Trent Nelson: Photographer for the Outsider
When viewing a photographer’s portfolio, you can grasp within the first few seconds what they’re trying to communicate through their photos. However, with Trent Nelson, predictability is not a niche in which he feels comfortable. From his beginning as a photographer for local hardcore shows to being one of the few visual documentarians of the FLDS community, his work is anything but monotonous. Being rooted in the punk and hardcore scene has conditioned him to not take everything at face value and taught him that people with whom he’d never think he would find common ground were actually more relatable than he’d anticipated.
Coming up from the Bay Area, Nelson found his penchant for photography while attending shows at the infamous 924 Gilman St. in Berkley, California, absorbing the styles of photographers like Murray Bowles. In 1988, Nelson moved to SLC and began photographing local delicacies such as Insight, The Stench and Bad Yodelers at The Word, Pompadour, Cinema In Your Face and The Speedway Café. Word of mouth, zines and being one of the only photographers in the scene helped solidify Nelson’s presence.
“At Gilman I photographed this Youth of Today show and I got this shot where everything clicked,” Nelson says. “There was this skinhead guy leaping off of the stage, and Ray [Cappo] is right in the center and there’s a guy flying into me from the side.” Nelson made a print of that photo and gave it to the band, which is now on the cover of one of the reissues of Break Down the Walls. “I kind of got known for that photo,” says Nelson, “and then Operation Ivy came around, and I photographed them and I had a cover of Maximum Rocknroll with that photo.” For him, bringing prints to shows was the most intuitable form of advertising his photography, and people started recognizing him as “the guy with the camera.”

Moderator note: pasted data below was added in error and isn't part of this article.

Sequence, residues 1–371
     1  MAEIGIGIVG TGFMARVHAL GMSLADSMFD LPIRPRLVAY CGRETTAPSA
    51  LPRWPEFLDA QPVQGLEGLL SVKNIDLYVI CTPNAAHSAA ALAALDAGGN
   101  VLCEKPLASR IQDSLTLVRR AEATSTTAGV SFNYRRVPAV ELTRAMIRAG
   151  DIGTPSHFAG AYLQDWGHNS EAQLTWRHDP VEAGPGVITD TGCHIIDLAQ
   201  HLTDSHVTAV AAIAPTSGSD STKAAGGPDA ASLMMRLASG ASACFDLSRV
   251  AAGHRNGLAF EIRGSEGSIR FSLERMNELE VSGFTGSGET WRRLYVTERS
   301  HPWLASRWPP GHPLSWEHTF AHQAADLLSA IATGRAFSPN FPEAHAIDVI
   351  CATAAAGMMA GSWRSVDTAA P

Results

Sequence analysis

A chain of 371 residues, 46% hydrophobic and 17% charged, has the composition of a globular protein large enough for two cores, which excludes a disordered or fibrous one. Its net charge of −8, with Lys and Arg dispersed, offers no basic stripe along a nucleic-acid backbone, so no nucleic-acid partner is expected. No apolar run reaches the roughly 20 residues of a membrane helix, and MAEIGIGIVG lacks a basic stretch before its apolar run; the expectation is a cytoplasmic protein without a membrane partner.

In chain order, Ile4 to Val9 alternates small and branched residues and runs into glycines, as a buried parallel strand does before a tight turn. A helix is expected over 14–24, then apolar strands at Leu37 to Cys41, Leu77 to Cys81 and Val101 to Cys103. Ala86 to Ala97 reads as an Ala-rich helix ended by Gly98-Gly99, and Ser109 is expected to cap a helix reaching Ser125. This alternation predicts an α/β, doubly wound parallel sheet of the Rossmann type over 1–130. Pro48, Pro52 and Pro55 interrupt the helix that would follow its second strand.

“You can go into a show and size up who the dangerous people are and who’s looking for someone to pick on, or who’s going to get picked on.”
“The challenge at punk shows was cameras were manual focus,” says Nelson. “You had to do all the controls, and that meant you had to hold it up to your face and you couldn’t see someone flying at you.” Nelson always had to keep his wits about him when documenting these shows because, not shockingly, they often got violent. “You can go into a show and size up who the dangerous people are and who’s looking for someone to pick on, or who’s going to get picked on,” says Nelson. “That’s the same thing with being a photographer in those environments—where should I be? Who should I watch out for? Who to stay out of the way of. Move in when you need to and move back when you don’t need to be up there.”
While some of Nelson’s photos may have presented Salt Lake’s hardcore scene in its most violent moments, they also capture its vibrancy and intensity that makes it feel so visceral. Since Nelson was one of the only photographers around, his photos share a special connection not only with him but also with the people in the stills. “I have people email me and are like, ‘I’m in a picture you took of me at the Speedway in 1988 stage-diving. Can I get a copy?’” says Nelson, “and I’m like, ‘Oh yeah! That’s going right to you!’ It’s always amazing to see who finds themselves in the pictures. This is without Facebook tagging; this is just people organically finding stuff.”
“There are people doing certain crimes, and they get arrested and charged. But then you find people who are respectful who are in, people who are respectful who aren’t living it, and people who are respectful who are trying to shut it down.”
The photos capture the energy of the time in which they were taken and also showcase a time when punk and hardcore were still underground and dangerous, as opposed to now, where being alternative is the norm. “It’s like Disneyland—there’s little kids; it’s safe; everyone is filming and shooting,” says Nelson, describing the Masked Intruder and The Interrupters show he attended earlier this year. “I was trying to get a good picture with a camera working around all these people, and it was very difficult to get something with that energy.” While the culture that Nelson grew up in was becoming a mainstream accolade, his sense for discovering new subversive groups shifted. “I was working at the Salt Lake Tribune, and one of our other photographers was covering polygamy,” says Nelson. “A year or so went by, and I dove in and started covering the Warren Jeffs group down in Colorado City.”